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RaspySwirl tells us that the November issue of Paste includes a review of A Piano. Thanks to Jenn and RaspySwirl for sending scans and transcripts of this article!
The Paste Reckoning
The Keys to Understanding
Tori Amos rescued the piano ballad from the ruins of diva-pop. Have you forgotten?
By David Mead
Outside the legions of awestruck fans that gather for her furor-inducing performances, opinions about Tori Amos’ import and legacy are decidedly mixed. Erica Jong on piano? The female Robert Plant? Kate Bush on speed? Not quite any one in particular, but possibly a jarring mixture of all these and more. As the ‘90s rise into sharp relief against the lugubrious gesturing of culture-show pundits, Amos stands triumphant in the murky depths of her origins. Her new box set, A Piano: The Collection, aims to prove the point, once and for all.
Amos might’ve single-handedly inspired the term “Vagina Music,” and accolade she would most likely balk at in spite of its linguistic debt to her cultural impact. Her solo debut, 1992’s Little Earthquakes, birthed a massive sea change in the then-tremulous position of female singer/songwriters. It surfaced in a musical scene dominated by Paula Abduls and Mariah Careys, when the practice of a female artist stepping onstage to present herself as an open wound seemed lost in a galaxy far, far away.
The album’s emotional centerpiece was a harrowing a cappella number entitled “Me and A Gun,” and unflinching first-person description of a rape Amos suffered in 1989. Eyes closed and glasses of chardonnay in hand, women of every variety nodded along to the rapturous vibrato outlining the pitfalls of an emotionally abusive relationship in “Silent All The Years.” And Bubbas everywhere nervously rolled their T-shirt sleeves a bit tighter around their Marlboro packs in anticipation of a confrontation with their newly empowered lady friends.
Two distinct categories of female singer/songwriter emerged from this moment. One begins with Alanis Morissette and bleeds into all of the Vanessas, Michelles andAshleys currently curled up in the corner of a studio, freely exorcising their demons to the cheers and chagrin of billions of listeners. The other starts with Paula Cole, slow-burning into Fiano Apple, Chan Marshall and the Dresden Dolls. Amos can be alternately thanked and/or chided for unintentionally ushering brazen self-examination back into the mainstream. Little Earthquakes was everything a great debut is supposed to be: gorgeous and focused, the realization of a career-bearing talent.
Disc One of Piano offers an extended, re-sequenced and (occasionally) remixed version of Earthquakes. Highlights include an alternate mix of the B-side “Flying Dutchman” and the Bo Diddley-on-a-date-with-Deborah Winger-esque “Sweet Dreams.” One of the most compelling reasons for fans to lay out the 76 bucks for this new collection is Amos’ exceptionally candid liner notes, in which she details these songs’ inception and the painful process of convincing her record label of their validity in the aforementioned marketplace.
Disc Two plucks most of its best moments from Amos’ next two efforts, 1994’s Under the Pink and 1996’s Boys for Pele. Building on the aesthetic and narrative qualities of Earthquakes, Under the Pink amplifies Amos’ breadth of composing and arranging abilities. Tracks like “Cornflake Girl” wrap her voice and formidable piano skills in a slinky groove that belies the confrontational aspects of her lyrics while effortlessly emphasizing their inherent sexuality. Pele is a transitional moment, the sound of an artist trying to stretch and reinvent herself. “From where I sit right now… I can honestly say that I do not know where I would be if I had not made Boys for Pele,” Amos opines in her liner notes. “Blood Roses” is an excellent example of this catharsis, a song that benefits, suffers and, ultimately, endears itself because of its shaky foundation. A mind-blowing live version of “Professional Widow” serves as a reminder of the power of Amos’ live performances.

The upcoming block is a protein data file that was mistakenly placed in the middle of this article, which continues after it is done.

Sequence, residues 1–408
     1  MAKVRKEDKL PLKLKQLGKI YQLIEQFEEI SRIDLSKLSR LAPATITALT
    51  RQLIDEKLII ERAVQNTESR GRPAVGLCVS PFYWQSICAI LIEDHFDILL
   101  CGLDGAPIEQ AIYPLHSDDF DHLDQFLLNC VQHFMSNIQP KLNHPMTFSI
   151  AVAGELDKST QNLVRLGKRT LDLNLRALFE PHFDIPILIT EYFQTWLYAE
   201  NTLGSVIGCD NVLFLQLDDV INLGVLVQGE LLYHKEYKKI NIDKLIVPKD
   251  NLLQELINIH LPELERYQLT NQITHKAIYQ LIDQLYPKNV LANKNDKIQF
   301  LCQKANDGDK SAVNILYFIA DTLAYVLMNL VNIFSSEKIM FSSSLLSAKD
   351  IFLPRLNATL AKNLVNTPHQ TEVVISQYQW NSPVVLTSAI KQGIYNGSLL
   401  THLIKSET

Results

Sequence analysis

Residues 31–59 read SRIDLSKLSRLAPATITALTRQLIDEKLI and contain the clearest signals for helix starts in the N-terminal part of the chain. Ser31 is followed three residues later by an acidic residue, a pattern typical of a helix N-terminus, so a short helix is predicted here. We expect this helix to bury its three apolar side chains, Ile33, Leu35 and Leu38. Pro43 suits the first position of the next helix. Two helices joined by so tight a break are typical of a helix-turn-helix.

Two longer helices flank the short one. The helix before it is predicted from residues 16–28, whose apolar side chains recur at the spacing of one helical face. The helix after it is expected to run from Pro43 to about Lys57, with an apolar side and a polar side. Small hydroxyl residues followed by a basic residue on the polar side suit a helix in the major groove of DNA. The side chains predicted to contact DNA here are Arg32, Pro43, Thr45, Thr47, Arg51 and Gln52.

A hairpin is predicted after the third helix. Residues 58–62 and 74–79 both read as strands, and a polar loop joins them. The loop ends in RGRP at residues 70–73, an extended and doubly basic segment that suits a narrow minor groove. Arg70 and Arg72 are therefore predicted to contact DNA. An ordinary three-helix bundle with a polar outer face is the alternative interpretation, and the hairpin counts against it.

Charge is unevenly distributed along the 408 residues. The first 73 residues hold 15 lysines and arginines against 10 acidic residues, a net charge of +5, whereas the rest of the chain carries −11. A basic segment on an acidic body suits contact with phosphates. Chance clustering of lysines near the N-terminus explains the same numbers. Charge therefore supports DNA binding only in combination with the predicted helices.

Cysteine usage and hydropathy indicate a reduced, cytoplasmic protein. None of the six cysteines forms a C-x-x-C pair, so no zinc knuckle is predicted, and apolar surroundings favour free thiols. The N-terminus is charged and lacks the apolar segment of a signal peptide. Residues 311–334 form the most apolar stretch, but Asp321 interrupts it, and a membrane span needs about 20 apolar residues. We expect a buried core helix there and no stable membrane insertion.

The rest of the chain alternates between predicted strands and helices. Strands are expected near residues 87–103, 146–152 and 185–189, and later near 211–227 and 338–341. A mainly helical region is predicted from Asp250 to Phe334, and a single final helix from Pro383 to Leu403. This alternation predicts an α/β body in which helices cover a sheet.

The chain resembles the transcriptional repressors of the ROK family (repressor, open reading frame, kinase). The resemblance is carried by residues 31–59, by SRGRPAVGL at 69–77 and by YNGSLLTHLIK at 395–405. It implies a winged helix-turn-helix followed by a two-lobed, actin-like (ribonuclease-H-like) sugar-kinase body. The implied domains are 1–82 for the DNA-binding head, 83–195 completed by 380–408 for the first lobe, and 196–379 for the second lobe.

The previously unreleased and alternate versions of songs featured on Piano are sprinkled throughout its five discs, usually out of chronological context with the original sessions for which they were recorded (the exception being disc five, comprised entirely of B-sides and alternate takes). Amos makes the case that these decisions were based on the sonic qualities of the recordings; fair enough, that is, until the shrink is torn off Disc Three. The wince-inducing qualities of “Armand’s Star Trunk Funkin’ Mix” of “Professional Widow” could spark empathetic peals of laughter if not occurring in the middle of a Tori Amos box set. The suspension of irony the music requires is suddenly shattered, and we are left to ashamedly pick up the pieces. Disc Three also breaks a cardinal rule of compilations by regurgitating rarities from another “greatest” collection, 2003’s Tales of a Librarian. Though this new disc is partially redeemed by the inclusion of key tracks from the underrated To Venus and Back.
Hitting eject and moving on, listeners can proceed into the calm, clear waters of Disc Four, which features the welcome expansion of Amos’ last three albums, 1998’s From the Choirgirl Hotel, 2002’s Scarlet’s Walk and 2005’s The Beekeeper. These albums prove beyond a doubt that Amos is the rare artist that, despite achieving international superstardom, has continued to delve inward without betraying her initial awareness of her audience. A Piano: The Collection is hardly flawless, but leaves the distinct impression that its author is a comfortable with its pock marks as its beauty marks, a decidedly attractive quality.